Though Apple ($AAPL) dominates today, it has no real defensible “moats” that would prevent an aggressive competitor from muscling in on its turf. Consumers are notoriously fickle, and there is little to lock them into the Apple ecosystem. You can access your key services—such as Facebook ($FB), Twitter, Skype and even Apple’s iTunes—from just about any device, after all. And if Microsoft is able to leverage its dominance of the desktop market by familiarizing users with its Windows 8 operating system—which looks and feels more or less the same on desktops, tablets and smartphones—Microsoft may well dig the elusive moat that Apple has thus far been unable to dig.
Moreover, Apple’s “idea man,” the late Steve Jobs, is not something that can be replicated, and going forward Apple will find it increasingly harder to stay ahead of its competition.
As Apple discovered to its dismay during the PC era of the 1980s through the mid-2000s, computers are ultimately commodity products for which it is difficult to charge a premium (and yes, I lump smartphones, tablets and PCs together as “computers”). The iPhone’s popularity has been bankrolled by generous subsidies by service providers like AT&T ($T), Verizon ($VZ) and Sprint ($S). But as these carriers start to push back against subsidies, Apple will find it harder to maintain its margins without lowering its prices—something the company will be reluctant to do. In a very short period of time, Apple may again see itself fall from the position of industry leader to that of a niche provider.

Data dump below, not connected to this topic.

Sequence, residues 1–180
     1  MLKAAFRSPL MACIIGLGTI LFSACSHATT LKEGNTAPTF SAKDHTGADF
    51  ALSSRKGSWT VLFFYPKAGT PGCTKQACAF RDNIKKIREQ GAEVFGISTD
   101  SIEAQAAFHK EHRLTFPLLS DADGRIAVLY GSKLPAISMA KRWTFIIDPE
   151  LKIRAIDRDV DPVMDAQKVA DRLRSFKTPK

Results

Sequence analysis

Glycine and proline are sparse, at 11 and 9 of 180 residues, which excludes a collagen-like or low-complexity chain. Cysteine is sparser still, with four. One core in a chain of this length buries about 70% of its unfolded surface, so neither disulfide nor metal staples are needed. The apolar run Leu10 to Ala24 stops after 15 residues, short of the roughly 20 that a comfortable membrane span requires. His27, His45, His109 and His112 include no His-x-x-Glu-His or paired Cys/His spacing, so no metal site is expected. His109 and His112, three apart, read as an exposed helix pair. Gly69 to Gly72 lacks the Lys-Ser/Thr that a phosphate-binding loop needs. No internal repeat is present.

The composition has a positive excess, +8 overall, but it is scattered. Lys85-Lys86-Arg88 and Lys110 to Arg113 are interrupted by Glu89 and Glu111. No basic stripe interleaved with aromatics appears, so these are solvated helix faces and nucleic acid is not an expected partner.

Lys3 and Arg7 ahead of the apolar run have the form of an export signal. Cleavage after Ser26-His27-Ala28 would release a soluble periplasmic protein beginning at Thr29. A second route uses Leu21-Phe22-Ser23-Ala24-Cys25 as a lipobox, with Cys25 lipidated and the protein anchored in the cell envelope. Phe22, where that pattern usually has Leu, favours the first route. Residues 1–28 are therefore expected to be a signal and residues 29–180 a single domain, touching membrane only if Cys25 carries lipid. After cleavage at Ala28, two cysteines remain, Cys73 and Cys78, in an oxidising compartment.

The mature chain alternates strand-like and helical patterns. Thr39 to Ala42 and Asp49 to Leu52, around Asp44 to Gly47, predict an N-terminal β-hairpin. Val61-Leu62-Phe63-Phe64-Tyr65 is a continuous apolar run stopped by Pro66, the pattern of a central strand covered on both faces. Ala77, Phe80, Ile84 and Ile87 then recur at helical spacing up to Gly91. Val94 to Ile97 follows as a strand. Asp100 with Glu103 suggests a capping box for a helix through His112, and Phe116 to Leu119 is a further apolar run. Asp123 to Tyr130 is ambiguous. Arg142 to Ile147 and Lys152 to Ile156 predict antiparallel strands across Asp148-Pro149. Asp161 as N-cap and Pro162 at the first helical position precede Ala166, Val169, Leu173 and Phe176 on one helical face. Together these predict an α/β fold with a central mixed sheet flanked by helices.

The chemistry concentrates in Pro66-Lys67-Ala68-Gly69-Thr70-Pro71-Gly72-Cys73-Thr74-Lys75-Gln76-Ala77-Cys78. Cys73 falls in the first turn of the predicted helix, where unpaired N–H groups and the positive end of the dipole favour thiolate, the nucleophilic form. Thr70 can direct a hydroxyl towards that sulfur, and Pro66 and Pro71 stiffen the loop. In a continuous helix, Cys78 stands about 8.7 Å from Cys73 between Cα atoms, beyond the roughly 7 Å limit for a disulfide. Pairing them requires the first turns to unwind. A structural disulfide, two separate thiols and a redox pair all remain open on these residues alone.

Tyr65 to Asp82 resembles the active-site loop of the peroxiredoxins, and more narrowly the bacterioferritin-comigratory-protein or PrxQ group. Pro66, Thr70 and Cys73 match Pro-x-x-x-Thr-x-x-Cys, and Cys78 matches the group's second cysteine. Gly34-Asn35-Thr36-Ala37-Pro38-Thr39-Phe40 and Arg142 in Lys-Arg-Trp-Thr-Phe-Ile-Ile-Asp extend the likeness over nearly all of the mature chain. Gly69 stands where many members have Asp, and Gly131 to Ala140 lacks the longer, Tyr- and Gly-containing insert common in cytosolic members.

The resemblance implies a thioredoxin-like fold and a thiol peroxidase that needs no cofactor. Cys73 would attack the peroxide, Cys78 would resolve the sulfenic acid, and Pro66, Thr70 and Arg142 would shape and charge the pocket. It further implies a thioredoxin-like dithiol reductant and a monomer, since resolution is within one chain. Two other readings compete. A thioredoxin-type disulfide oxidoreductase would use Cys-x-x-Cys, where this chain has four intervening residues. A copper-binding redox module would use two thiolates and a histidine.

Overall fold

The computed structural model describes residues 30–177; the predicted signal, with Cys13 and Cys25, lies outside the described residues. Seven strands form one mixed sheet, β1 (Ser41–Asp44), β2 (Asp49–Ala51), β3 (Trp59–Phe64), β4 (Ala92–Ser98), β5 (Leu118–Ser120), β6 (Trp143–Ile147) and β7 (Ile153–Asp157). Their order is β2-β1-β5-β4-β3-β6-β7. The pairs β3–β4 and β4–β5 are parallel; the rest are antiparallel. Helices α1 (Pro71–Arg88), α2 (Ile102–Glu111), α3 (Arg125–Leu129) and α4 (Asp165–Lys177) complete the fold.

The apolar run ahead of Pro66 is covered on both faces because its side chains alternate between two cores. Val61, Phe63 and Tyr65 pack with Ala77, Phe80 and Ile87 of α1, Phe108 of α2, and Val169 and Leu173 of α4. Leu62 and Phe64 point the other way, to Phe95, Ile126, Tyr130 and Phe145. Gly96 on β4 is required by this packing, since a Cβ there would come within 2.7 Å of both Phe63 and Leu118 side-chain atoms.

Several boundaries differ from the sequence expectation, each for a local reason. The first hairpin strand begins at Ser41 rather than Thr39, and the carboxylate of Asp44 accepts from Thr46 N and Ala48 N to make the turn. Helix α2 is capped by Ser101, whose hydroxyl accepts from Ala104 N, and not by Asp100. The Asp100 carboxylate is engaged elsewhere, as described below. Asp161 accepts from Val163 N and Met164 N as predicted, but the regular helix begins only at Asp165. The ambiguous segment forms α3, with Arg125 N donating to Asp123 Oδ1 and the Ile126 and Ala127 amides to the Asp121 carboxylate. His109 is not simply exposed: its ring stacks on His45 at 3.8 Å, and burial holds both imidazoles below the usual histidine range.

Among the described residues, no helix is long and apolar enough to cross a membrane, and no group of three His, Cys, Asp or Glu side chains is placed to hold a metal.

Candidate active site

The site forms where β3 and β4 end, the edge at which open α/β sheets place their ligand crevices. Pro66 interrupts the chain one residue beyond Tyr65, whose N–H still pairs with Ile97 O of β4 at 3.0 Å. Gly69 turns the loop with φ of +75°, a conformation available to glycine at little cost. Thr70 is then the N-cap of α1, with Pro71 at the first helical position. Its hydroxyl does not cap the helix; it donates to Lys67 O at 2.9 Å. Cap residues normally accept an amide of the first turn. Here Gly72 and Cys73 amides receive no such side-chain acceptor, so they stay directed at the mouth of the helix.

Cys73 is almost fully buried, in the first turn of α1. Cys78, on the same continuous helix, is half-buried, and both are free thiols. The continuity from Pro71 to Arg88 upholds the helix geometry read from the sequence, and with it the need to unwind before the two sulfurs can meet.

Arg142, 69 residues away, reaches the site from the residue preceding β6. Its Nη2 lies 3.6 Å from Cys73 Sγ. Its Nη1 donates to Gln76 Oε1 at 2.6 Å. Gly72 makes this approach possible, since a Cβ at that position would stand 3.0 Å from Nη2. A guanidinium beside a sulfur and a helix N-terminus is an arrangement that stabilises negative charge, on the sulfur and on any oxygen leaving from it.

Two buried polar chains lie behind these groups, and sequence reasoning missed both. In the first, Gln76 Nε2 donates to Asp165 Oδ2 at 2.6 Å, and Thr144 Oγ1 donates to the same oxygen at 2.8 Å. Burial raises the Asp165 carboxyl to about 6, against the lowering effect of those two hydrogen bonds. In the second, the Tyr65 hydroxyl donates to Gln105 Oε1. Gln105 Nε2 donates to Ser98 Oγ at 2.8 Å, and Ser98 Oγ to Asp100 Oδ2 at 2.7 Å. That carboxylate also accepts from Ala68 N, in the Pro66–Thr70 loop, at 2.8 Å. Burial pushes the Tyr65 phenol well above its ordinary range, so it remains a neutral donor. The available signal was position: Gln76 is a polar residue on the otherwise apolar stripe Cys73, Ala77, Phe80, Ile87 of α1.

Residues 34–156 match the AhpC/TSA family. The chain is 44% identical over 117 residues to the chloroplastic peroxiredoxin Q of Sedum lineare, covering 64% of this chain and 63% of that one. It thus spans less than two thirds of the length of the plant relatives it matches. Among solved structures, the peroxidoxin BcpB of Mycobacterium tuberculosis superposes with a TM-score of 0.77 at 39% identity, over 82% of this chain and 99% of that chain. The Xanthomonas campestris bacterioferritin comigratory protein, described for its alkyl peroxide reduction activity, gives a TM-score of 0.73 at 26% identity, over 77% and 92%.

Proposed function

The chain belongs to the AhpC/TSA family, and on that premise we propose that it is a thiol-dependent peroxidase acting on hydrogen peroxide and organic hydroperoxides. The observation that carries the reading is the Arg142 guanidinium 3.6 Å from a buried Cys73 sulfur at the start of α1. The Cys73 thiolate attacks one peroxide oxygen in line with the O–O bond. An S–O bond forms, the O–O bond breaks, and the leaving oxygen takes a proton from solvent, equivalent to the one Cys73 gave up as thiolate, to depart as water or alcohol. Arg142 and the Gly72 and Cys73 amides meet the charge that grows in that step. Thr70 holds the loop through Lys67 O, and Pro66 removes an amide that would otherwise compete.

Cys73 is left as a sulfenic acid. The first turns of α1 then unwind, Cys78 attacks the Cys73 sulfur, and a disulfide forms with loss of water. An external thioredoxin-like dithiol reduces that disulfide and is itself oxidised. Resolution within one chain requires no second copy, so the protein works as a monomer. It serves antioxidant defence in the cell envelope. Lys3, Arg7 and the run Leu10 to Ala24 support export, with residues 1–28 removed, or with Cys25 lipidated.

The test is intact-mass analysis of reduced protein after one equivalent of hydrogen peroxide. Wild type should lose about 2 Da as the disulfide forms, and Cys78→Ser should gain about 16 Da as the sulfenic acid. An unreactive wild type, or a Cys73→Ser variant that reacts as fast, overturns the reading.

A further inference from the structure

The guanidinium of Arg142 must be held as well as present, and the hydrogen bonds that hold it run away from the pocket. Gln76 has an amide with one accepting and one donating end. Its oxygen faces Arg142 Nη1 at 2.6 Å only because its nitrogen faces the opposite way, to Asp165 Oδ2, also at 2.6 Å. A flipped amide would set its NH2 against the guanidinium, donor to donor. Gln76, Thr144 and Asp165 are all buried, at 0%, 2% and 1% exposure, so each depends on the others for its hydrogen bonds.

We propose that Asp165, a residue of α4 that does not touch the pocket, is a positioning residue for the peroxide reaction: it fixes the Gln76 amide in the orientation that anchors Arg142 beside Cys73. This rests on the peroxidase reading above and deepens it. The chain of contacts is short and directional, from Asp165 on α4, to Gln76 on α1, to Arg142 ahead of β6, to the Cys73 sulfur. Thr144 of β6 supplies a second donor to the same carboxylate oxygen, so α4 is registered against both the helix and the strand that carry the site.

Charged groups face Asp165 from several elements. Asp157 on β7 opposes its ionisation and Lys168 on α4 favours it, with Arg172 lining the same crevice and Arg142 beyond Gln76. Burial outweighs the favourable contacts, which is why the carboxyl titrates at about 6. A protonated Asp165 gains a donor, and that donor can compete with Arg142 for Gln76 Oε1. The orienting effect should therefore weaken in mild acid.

None of this suggests Apple’s imminent demise, of course. As I wrote in the previous article, I’m talking about a long war of attrition that may take a few years to play out.
But none of this matters in the short term. In the short term, I expect most Big Tech stocks to move together in a fairly tight correlation as investors reassess the economic picture. For the remainder of 2012, I see investor risk appetites returning, and I see Apple and its competitors Microsoft and Google ($GOOG) leading a rally in technology shares.
I recommend investors pick up shares of the Technology Select SPDR ($XLK) and plan on holding for the remainder of 2012.
With the bad earnings releases of the third quarter mostly digested, I expect to see a broad-based market rally, and I expect more cyclical sectors such as technology to lead.
SUBSCRIBE to Sizemore Insights via e-mail today.